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Bond prices show that creditors will have to share the bill for the nuclear crisis after the new minister responsible for power companies said banks should write off some loans to Tokyo Electric Power Co.

Five-year credit-default swaps on the utility, whose Fukushima No. 1 plant was wrecked by the March 11 earthquake and tsunami, surged a record 271.9 basis points last week to 887.9 basis points after Minister of Economy, Trade and Industry Yukio Edano repeated calls for investors to help pay for the costs of the disaster, according to CMA, which is owned by CME Group Inc. and compiles prices quoted by dealers in the privately negotiated market.

Contracts on Tepco are the most expensive relative to global peers since June 28, the data show.

Tepco faces compensation claims of as much as ¥11 trillion after the three reactor meltdowns at Fukushima, and helped tip the economy into recession.

Edano, 47, the chief Cabinet secretary in the previous administration, first called in May for banks to forgive some loans made before the quake. He was appointed head of METI on Sept. 12.

“We really have to consider the risk that Edano will push for a loan waiver,” said Hiroshi Nakamura, who helps oversee ¥3.5 trillion in assets as general manager of fixed-income investment at Mizuho Asset Management Co. “He shouldn’t say anything that might destabilize the market anymore.”

The cost of protecting Tepco’s debt from default surged more last week than in the immediate aftermath of the temblor, according to CMA. Contracts rose 239.5 basis points to 280 in the week to March 18, and peaked at 1,000 on June 7.

Credit-default swaps, which pay the buyer face value if a borrower fails to meet its obligations, fall as perceptions of creditworthiness improve and rise as they deteriorate. A basis point equals $1,000 annually on a contract protecting $10 million of bonds and loans.

Elsewhere in Japan’s credit markets, the yield on the nation’s benchmark 10-year bond rose half a basis point to 0.995 percent Wednesday, after touching 0.97 on Aug. 19, the lowest since November, according to Japan Bond Trading Co. Ten-year Treasury yields slid to a record 1.877 percent on Sept. 12.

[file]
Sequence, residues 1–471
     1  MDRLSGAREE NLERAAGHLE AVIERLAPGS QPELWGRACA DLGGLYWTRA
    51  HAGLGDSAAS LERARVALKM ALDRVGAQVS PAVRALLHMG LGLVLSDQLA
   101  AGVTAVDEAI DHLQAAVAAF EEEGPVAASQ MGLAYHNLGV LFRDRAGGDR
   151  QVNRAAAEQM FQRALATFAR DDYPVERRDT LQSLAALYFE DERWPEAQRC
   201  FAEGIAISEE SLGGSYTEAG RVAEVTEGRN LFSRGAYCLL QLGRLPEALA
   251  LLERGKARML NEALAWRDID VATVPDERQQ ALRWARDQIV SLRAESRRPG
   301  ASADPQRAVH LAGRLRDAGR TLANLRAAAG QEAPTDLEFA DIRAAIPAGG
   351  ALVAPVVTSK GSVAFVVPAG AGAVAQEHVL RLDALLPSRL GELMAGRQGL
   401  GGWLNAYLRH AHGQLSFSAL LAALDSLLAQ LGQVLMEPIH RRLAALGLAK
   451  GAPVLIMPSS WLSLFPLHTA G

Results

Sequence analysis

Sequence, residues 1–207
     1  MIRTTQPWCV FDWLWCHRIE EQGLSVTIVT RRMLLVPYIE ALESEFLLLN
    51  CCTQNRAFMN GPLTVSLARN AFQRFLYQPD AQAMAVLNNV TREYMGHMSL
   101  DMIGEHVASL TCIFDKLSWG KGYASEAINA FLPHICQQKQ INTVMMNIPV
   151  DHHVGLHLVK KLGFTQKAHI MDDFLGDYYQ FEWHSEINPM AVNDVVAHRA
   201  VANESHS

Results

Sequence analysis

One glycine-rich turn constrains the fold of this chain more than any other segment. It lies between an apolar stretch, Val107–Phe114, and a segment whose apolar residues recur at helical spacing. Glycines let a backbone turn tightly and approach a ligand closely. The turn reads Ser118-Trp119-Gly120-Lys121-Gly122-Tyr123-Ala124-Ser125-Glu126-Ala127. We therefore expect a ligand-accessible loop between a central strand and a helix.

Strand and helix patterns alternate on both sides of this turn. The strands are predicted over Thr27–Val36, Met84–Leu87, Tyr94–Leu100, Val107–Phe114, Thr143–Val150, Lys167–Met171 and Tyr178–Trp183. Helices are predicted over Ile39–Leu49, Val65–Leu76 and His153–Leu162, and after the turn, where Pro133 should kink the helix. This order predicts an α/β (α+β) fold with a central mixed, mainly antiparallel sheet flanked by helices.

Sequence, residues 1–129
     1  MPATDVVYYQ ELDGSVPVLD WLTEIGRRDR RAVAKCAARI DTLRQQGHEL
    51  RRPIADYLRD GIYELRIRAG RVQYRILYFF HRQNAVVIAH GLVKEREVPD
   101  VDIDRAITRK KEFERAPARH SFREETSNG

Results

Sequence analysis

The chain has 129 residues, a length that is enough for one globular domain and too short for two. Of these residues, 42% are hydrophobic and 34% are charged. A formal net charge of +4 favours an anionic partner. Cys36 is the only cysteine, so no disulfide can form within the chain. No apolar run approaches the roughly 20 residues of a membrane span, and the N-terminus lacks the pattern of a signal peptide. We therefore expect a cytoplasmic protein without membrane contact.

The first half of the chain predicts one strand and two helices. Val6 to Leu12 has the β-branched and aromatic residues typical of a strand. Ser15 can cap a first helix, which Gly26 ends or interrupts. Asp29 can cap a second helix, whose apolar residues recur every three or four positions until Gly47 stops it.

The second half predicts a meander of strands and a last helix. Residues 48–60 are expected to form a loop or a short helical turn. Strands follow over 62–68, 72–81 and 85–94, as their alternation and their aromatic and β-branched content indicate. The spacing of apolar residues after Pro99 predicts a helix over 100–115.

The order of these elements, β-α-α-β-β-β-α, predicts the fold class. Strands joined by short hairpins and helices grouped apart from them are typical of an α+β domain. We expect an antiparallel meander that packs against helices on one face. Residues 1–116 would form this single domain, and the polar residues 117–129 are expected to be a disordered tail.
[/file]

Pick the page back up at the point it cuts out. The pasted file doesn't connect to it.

Faced with the massive compensation claims against Tepco, legislation approved by the Diet on Aug. 3 created a government-backed entity to pay damages associated with the nuclear crisis with “necessary cooperation from shareholders and other interested parties.”

“The purpose of using tax money to aid Tepco doesn’t include the protection of creditors and shareholders,” Edano said Sept. 13. “They should bear costs they would have been liable for if there wasn’t support from the government.”

Edano, who as chief Cabinet secretary led daily briefings on the nuclear disaster, will participate in the government’s response to the crisis. He will oversee reforms at METI after his predecessor, Banri Kaieda, fired three top energy officials.

Tepco has ¥3.28 trillion of loans due in a year or more, according to a June 29 filing with the government. The utility owes Sumitomo Mitsui Banking Corp. ¥769.5 billion in loans, ¥581.8 billion to Mizuho Corporate Bank Ltd. and ¥349 billion to Bank of Tokyo-Mitsubishi UFJ Ltd.

“We have repeatedly said we wouldn’t accept forgiveness of loans to Tepco if we are asked to do so,” Katsunori Nagayasu, head of the Japanese Bankers Association and chief executive officer of Mitsubishi UFJ Financial Group Inc., said at a news conference Sept. 15. Banks have already given support to Tepco after the disaster, including ¥2 trillion of emergency loans, he said.

The nuclear reactors will be brought under control by the end of the year, a government official said Monday in an assessment backed by the United Nations’ atomic agency.

Standard & Poor’s cut Tepco’s credit rating by five levels to B+, the fourth-highest noninvestment grade, on May 30, citing a likelihood that banks may restructure some of the utility’s debts.

Tepco is considering job cuts and reshuffling some positions, spokesman Naoki Tsunoda said Wednesday. No concrete details have been decided yet, Tsunoda said, responding to media reports.

Tepco told a government committee Tuesday that it will eliminate as many as 5,000 jobs, NHK reported, citing an unidentified source.

There is a high chance the utility will still receive “extraordinary government support,” Hiroki Shibata, a Tokyo-based associate director for S&P covering power firms, told reporters Sept. 15. Edano’s talk of a loan waiver is “just his personal view,” Shibata said.

The economy is still reeling from the earthquake, with gross domestic product contracting in the second quarter by more than the government estimated, the Cabinet Office said Sept. 9.

S&P cut its forecast last week for Japan’s growth in 2011 to about zero, saying the yen may undermine a recovery from the temblor. The yen rose to a post-World War II high of 75.95 per dollar on Aug. 19, threatening to derail any export-led recovery.

One-year default-swaps on Tepco’s debt rose 626.2 last week to 1,756.4, the biggest weekly increase since the five days ending June 10, CMA prices show. The contracts are pricing in a 29 percent chance of default within a year, assuming a 35 percent recovery for bondholders, Bloomberg data show.

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